Universities study Ph.D. dropout rates

By Mary Beth Versaci

Ph.D. completion rates vary greatly when demographics such as gender, race/ethnicity and citizenship are taken into account, according to a study released by the Council of Graduate Schools.

The data showed that males, whites and international students are more likely to complete their Ph.D. in 10 years than females, racial/ethnic minorities and domestic students.

The council, made up of 500 universities, including 14 outside of North America, focuses on the advancement of graduate education and research. It funds the Ph.D. Completion Project, a series of policies and practices designed to increase Ph.D. completion rates. Institutions such as the University of Illinois use the data to create interventions for Ph.D. students as a part of the Ph.D. Completion Project.

Stuart Heiser, manager of Government Relations and External Affairs from the council, said they are not directly responsible for the completion projects at the participating universities.

“We study and analyze the data,” Heiser said. “We use it to identify which interventions work best at the universities. We’re not trying to answer the questions of why. We’re just presenting the data.”

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    The universities have not been charged with this responsibility either. Richard Wheeler, dean of the Graduate College at the University, said that at this point they have data without interpretation; however, the goal of the Ph.D. Completion Project is to eventually understand why students are dropping out of Ph.D. programs.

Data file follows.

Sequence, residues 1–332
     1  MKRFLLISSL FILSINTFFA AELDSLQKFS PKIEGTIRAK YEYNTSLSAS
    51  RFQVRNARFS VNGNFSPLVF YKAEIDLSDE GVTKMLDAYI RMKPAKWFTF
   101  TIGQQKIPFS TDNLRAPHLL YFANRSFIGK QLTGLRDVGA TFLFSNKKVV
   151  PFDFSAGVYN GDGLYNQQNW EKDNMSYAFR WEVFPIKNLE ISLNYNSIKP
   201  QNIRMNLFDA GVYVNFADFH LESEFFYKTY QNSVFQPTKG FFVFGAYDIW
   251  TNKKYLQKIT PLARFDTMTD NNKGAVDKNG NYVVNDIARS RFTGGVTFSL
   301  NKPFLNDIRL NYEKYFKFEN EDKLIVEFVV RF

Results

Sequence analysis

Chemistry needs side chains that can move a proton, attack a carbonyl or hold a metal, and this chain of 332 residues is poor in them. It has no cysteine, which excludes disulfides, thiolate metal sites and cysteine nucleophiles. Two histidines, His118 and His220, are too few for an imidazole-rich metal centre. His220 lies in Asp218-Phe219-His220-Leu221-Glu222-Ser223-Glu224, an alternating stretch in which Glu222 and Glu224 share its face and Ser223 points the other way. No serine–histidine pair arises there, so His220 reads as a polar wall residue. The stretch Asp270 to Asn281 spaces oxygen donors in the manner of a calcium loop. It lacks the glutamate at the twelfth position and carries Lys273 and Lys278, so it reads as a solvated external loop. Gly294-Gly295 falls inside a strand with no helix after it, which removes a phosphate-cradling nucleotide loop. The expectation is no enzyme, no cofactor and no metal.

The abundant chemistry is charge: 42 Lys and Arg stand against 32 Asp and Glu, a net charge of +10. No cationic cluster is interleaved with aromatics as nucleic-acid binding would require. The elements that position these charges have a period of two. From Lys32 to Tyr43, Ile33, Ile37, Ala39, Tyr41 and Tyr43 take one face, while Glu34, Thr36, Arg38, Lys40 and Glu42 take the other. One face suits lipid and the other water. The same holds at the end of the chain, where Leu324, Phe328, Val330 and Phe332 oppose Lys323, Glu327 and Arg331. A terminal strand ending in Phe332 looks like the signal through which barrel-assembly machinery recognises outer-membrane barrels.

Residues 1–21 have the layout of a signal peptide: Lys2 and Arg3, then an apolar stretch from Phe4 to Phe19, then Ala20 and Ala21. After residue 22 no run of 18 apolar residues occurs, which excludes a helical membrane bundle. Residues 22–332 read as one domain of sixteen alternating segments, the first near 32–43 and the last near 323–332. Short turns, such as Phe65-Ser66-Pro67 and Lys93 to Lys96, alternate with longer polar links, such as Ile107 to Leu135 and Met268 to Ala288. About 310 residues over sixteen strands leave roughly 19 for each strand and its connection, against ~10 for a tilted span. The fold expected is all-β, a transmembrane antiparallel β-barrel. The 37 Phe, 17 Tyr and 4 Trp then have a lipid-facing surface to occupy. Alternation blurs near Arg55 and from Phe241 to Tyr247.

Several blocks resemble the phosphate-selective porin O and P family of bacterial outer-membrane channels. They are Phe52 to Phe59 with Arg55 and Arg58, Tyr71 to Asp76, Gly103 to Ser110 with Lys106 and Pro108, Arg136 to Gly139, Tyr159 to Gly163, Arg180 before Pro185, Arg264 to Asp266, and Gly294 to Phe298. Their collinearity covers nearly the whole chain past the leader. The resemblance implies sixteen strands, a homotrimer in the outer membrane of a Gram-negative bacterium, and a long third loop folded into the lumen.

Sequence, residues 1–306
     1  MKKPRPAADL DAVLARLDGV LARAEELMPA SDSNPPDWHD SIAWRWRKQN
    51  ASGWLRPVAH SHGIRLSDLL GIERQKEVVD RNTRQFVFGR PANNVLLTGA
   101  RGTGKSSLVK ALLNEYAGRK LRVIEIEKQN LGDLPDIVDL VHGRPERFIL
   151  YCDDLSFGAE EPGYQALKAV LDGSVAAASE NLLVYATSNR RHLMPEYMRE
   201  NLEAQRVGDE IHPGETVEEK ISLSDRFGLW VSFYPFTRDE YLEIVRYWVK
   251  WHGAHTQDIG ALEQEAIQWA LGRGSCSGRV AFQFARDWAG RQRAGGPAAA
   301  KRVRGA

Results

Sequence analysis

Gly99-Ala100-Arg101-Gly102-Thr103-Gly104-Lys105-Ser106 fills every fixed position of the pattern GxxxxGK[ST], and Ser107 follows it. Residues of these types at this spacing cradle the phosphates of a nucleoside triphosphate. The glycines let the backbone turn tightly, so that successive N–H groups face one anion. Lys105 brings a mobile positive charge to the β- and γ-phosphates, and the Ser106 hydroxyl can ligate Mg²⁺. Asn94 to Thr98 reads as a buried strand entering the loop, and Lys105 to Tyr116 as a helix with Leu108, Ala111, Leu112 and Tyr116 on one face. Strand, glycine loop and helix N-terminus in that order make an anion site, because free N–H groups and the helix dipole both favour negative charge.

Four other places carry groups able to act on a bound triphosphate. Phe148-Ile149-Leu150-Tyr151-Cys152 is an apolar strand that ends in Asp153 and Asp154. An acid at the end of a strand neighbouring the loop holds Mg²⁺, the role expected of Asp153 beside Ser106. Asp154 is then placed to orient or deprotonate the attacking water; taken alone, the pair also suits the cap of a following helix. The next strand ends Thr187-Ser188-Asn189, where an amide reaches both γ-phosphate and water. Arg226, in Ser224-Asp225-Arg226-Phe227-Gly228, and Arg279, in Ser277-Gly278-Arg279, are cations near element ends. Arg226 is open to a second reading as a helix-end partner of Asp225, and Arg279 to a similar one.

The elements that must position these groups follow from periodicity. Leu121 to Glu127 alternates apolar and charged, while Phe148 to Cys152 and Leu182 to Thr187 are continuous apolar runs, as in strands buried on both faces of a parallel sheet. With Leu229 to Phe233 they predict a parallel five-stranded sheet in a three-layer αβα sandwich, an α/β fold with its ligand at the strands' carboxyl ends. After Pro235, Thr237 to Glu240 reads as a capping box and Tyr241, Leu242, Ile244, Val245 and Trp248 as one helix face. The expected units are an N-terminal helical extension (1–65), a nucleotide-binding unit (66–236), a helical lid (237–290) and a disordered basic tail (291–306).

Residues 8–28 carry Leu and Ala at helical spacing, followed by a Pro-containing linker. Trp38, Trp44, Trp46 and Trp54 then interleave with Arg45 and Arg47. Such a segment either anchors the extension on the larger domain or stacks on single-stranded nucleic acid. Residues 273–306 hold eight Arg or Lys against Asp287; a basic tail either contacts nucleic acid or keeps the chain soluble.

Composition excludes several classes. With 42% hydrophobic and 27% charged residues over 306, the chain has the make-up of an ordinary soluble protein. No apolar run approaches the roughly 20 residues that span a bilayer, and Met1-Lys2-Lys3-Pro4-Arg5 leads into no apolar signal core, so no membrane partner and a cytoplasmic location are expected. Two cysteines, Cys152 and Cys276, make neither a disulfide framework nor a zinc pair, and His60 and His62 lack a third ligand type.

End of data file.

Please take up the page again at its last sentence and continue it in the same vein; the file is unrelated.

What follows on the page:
While the University does not have programs designed specifically to target the troubled demographics, it does have interventions targeting the problem as a whole.

    The results of these interventions will not be revealed until 2010 because the Ph.D. Completion Project itself only began in 2003 and it typically takes students seven to ten years to complete their Ph.D. Once these students do, the University will be able to see if the interventions had a major effect.

    In the meantime, many graduate students aren’t aware of the existence of the Ph.D. Completion Project.

    Riaz Uddin, a third-year Ph.D. student in Regional Planning, said that while he had not heard of the project specifically, he has participated in interventions.

    “I have participated in workshops that are deemed helpful to Ph.D. completion,” Uddin said.

    Matthew Yancey, a first semester graduate student on his way to a Ph.D. in Combinatorics, said he typically gets e-mails about interventions that the University offers, but he has never heard of anyone in his department taking advantage of any of them.

    However, Wheeler said he knows the problem of students dropping out cannot go away completely.

    “We hope to understand better why completion and attrition rates are what they are,” Wheeler said. “We can’t make the problem of attrition go away completely, but we can shave a little time off the completion rates of these degrees.”

    The council’s study includes data gathered from 24 institutions in the United States and Canada, including the University. It consists of 19,000 students who began Ph.D. programs from 1992 to 2003